Freedom for All Americans (FFAA) is a “bipartisan campaign seeking nondiscrimination protections for LGBT people nationwide” that was created last year in the wake of the Supreme Court decision that legalized same-sex marriage. FFAA executive director Matt McTighe told me that the immediate backlash against that historic decision, such as Indiana’s so-called religious freedom law, was expected. But he said that it was the emerging coordination of the resistance that pushed his organization to sift through public filings to unearth the ties that bind anti-LGBT efforts around the country.
“We started seeing bills that looked 80 to 90 percent identical in language start to pop up around the country,” McTighe said. “The language was so clearly being coordinated.” In a report to be released on Thursday called “Enemies of Equality,” FFAA shows that 17 bills in 14 states that target transgender Americans “used almost identical language and it’s based off of a model policy ADF started pushing four or five months ago.” All told, there are more than 200 anti-LGBT bills pending in 34 states.
The chart below from FFAA shows the organizations doing the coordinating and the people leading or bankrolling those efforts. If you click on this link it will take you to an interactive site that will give you even more information.
According to FFAA’s research, one of the hubs of this coordination is Alliance Defending Freedom (ADF), a 22-year-old group that “advocates for your right to freely live out your faith.” Another is the National Christian Foundation (NCF), which funds a lot of the groups aggressively working to chip away at the equal rights of LGBT Americans. One of them is Family Research Council (FRC), which is listed by the Southern Poverty Law Center as an “extremist group.”
Another is Liberty Council. Listed as an “extremist group” by the Southern Poverty Law Center, the group is notable because chairman and founder Mat Staver represented Kim Davis, the Kentucky county clerk who caused a national stir when she refused to issue a marriage license to a same-sex couple in defiance of the Supreme Court last year.
But the National Christian Foundation also received funding, notably from the owners of Hobby Lobby. That’s the company at the center of the 2014 Supreme Court case that ruled the sincerely held religious beliefs of corporation owners are protected by the Constitution. And the interconnectedness revealed by FFAA is several layers deep.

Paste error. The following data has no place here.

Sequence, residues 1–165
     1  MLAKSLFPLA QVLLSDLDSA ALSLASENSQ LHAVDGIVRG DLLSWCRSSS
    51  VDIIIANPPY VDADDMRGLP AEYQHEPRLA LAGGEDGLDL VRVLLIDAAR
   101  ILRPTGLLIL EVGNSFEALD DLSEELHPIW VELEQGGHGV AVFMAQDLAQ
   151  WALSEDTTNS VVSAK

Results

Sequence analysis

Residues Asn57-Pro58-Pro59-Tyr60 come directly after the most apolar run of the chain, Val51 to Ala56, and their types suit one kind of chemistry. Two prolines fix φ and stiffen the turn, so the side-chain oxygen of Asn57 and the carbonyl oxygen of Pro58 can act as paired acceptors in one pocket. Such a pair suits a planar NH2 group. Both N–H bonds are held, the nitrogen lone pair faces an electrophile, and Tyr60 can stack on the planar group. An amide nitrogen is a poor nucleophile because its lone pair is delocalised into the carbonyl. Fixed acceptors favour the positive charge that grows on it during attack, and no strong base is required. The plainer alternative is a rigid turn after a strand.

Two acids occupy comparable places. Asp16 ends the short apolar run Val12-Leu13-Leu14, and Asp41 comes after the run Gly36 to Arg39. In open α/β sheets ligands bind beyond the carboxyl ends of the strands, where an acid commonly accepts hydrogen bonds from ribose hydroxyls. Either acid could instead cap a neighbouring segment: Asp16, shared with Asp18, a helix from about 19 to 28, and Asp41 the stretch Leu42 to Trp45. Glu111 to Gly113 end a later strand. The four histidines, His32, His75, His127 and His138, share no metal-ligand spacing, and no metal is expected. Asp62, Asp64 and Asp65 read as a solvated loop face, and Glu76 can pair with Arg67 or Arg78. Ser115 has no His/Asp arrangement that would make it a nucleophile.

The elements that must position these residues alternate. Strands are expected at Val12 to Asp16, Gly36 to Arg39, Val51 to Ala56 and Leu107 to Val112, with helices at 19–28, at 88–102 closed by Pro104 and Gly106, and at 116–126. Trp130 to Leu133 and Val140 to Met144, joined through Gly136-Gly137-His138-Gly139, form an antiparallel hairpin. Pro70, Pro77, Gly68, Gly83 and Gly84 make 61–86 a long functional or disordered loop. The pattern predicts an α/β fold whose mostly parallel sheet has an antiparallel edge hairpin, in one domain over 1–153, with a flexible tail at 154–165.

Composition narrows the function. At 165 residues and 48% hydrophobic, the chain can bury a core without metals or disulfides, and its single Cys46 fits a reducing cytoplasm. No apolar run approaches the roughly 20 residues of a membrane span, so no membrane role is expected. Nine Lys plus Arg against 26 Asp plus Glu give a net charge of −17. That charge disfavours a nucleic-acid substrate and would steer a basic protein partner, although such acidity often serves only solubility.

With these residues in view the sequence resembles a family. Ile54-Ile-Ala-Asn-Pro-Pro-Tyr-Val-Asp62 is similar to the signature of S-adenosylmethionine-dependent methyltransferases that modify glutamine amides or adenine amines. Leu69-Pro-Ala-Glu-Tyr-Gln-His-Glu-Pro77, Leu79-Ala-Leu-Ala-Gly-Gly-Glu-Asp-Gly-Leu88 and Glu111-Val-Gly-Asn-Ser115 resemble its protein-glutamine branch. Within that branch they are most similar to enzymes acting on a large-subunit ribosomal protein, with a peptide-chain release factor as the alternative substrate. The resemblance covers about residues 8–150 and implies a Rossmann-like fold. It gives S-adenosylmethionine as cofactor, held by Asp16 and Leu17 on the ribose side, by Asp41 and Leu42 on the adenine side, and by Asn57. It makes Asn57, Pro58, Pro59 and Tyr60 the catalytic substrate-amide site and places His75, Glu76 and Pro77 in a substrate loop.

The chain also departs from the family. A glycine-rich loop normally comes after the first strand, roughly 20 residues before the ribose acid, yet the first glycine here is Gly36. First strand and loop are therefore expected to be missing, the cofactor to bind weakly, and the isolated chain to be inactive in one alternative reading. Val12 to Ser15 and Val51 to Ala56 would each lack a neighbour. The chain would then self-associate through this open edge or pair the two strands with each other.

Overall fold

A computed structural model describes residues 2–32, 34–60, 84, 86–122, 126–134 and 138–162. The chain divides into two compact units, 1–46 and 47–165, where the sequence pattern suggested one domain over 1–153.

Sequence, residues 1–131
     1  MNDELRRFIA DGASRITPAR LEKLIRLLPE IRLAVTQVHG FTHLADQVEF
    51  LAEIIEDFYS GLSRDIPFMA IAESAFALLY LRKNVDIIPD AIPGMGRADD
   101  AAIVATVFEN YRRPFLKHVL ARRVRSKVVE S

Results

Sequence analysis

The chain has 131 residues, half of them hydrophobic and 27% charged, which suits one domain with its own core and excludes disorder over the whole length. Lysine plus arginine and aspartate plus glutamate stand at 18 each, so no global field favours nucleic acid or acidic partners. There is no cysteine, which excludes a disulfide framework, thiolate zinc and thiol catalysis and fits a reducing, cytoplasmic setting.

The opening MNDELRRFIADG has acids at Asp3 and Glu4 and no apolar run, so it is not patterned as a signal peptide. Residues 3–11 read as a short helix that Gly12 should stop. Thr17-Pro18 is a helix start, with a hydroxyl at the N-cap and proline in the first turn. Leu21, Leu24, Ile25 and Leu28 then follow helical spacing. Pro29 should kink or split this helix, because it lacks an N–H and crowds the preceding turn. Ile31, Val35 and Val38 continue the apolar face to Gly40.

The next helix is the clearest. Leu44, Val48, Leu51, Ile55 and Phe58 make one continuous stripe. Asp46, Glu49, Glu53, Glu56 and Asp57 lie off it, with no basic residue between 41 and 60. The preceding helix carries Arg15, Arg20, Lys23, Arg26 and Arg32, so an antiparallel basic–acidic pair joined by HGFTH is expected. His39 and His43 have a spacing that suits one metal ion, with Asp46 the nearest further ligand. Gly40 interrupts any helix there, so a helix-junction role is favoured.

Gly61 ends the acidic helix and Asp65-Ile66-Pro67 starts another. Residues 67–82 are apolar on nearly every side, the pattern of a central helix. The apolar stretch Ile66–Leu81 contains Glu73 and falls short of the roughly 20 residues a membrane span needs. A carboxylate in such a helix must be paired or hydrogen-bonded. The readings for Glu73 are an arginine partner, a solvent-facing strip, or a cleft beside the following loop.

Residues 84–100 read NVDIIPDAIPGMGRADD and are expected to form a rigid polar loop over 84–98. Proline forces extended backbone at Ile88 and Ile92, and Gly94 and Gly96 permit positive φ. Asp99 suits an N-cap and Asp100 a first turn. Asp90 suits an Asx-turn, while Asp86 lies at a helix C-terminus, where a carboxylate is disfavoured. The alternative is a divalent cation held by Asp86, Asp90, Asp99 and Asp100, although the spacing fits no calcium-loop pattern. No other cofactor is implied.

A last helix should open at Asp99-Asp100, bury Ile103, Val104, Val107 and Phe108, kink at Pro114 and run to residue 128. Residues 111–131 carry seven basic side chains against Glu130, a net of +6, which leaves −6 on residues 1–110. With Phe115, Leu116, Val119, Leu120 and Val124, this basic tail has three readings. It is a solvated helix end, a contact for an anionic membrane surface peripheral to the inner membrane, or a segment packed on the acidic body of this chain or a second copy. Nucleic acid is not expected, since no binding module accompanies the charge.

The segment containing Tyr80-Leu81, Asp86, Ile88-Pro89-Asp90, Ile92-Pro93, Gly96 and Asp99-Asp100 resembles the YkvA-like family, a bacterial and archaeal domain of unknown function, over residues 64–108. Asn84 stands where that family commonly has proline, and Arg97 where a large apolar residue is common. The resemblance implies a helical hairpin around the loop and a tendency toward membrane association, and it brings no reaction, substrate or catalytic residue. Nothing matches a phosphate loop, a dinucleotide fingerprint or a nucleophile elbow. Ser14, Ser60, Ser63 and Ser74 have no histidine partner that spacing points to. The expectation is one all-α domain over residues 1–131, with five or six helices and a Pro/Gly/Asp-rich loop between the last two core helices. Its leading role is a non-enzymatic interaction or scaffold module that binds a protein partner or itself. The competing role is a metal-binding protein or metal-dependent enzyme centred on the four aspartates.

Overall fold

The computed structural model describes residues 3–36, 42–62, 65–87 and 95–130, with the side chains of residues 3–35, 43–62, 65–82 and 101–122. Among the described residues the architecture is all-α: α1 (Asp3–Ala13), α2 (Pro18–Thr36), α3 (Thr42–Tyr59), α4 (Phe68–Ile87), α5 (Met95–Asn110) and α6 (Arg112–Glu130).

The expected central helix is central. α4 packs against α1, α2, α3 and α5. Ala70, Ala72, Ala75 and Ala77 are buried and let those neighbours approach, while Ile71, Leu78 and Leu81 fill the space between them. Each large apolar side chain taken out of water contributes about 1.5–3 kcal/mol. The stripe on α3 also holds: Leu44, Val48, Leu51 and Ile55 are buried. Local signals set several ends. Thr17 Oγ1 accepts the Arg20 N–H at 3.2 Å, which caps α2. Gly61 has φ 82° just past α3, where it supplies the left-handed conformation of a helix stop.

For instance, James Dobson is founder of the Family Research Council, the Alliance Defending Freedom and Focus on the Family. Tom Minnery is a board member at ADF and senior vice president of policy at Focus on the Family, which gets money from NCF and the family of Forbes 400 billionaire Richard DeVos, founder of Amway. He and his family have given money to all of the organizations founded by Dobson.
“We’re not just kind of cataloguing this for retroactive historical purposes to look back at this legislative session,” McTighe of FFAA said of his group’s effort to expose the intricate web of anti-LGBT interests. “We expect that this will be even more pronounced in the coming legislative session and that the ADF and the groups that it has sway over will continue to get more engaged and will continue to file more and more anti-LGBT bills that are being coordinated…by…national organization[s] with a clear anti-LGBT agenda.”
Back in January, I warned in an op-ed about anti-LGBT legislation in Florida, “Just because there’s been surprisingly little thunder against the gays of late doesn’t mean no one has been busy conjuring up the lightning that precedes it.” The FFAA report shows that we are in the middle of a raging storm. More importantly, it shows just how big and ominous it is.
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